The Worker Adjustment & Retraining Notification ("WARN") Act

The Worker Adjustment and Retraining Notification Act (commonly referred to as the "WARN" Act), codified at 29 USCA section 2101 et seq., requires employers subject to the Act that are planning a mass layoff of employees or a "plant closing" to provide at least 60 days' written notice of the closure to employees and certain state and local government officials. (See WARN act section 2102(a) and Code of Federal Regulations, 20 CFR § 639.2).

Employers subject to the Act who fail to provide the required notice in the manner specified may be liable for damages. The purpose of such statutorily mandated damages is to allow for a speedy resolution of violations and to ensure compliance and discourage violations of the WARN Act.

An employer is subject WARN if it is a "company," "firm," or "business" that employs either: 100 or more employees (excluding those working part-time); or 100 or more employees who in the aggregate work at least 4,000 hours per week (not including overtime). This includes non-profit organizations as well. (See Code of Federal Regulations, 20 CFR § 639.3(a)).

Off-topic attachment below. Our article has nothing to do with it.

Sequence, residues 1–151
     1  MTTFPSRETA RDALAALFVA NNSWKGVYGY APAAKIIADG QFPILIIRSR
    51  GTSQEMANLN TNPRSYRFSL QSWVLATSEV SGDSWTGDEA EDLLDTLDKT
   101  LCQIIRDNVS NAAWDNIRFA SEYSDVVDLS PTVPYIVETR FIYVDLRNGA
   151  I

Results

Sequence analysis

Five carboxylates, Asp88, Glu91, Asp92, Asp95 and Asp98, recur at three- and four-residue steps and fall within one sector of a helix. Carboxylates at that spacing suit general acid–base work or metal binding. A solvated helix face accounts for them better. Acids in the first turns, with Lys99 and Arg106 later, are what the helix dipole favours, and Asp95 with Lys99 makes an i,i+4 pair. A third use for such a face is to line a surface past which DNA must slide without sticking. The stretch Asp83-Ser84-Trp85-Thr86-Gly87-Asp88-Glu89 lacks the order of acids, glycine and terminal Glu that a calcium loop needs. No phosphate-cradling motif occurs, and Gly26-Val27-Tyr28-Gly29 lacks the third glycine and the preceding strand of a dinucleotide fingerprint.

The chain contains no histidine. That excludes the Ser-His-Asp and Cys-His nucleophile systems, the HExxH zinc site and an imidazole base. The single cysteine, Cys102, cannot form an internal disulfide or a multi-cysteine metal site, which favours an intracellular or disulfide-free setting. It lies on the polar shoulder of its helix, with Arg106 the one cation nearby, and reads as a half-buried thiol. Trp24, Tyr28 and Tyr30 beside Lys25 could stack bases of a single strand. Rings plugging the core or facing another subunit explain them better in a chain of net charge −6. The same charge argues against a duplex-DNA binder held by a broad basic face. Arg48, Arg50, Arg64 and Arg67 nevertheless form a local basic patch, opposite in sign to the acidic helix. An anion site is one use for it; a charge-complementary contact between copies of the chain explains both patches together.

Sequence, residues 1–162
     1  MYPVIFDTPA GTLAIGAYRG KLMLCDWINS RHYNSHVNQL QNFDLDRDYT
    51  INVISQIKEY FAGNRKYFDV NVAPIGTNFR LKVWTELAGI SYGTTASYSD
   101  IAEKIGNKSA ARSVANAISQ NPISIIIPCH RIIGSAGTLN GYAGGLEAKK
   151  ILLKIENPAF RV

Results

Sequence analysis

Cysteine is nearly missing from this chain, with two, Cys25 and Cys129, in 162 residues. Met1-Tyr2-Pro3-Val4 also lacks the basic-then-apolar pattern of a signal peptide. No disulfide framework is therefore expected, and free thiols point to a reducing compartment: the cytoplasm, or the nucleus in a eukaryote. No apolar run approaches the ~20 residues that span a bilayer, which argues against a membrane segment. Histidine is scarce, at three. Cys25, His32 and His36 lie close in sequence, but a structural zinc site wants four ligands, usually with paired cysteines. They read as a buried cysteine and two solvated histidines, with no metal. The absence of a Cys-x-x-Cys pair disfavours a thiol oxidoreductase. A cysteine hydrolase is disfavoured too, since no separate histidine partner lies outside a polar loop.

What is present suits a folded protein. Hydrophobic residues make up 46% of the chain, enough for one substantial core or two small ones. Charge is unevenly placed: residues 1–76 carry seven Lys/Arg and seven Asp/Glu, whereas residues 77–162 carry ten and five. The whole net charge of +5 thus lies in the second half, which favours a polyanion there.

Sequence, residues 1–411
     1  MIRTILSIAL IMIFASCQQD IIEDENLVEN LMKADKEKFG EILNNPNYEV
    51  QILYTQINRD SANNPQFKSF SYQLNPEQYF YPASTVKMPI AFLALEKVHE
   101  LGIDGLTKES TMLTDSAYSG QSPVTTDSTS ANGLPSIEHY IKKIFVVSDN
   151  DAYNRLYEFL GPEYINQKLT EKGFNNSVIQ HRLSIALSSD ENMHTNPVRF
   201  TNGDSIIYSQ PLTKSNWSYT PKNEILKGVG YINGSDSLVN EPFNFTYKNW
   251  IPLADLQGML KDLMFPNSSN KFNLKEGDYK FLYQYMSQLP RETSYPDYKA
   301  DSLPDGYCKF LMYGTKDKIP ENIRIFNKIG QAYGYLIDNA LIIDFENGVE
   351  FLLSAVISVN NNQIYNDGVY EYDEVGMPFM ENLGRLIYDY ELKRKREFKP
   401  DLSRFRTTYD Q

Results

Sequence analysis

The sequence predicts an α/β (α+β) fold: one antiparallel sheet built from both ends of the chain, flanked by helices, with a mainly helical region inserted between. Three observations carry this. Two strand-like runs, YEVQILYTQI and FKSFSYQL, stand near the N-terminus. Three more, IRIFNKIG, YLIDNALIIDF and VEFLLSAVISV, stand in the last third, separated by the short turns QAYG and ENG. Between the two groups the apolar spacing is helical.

There are many intricacies involved in determining compliance with WARN. For more information, contact an attorney specializing in WARN Act law.

Employment Law

Workplace law in California is constantly changing and evolving to adapt to the ever-changing employer-employee and independent contractor relationships. Almost every day California state and federal courts issue new decisions which affect workers' rights. Do you know what your rights are?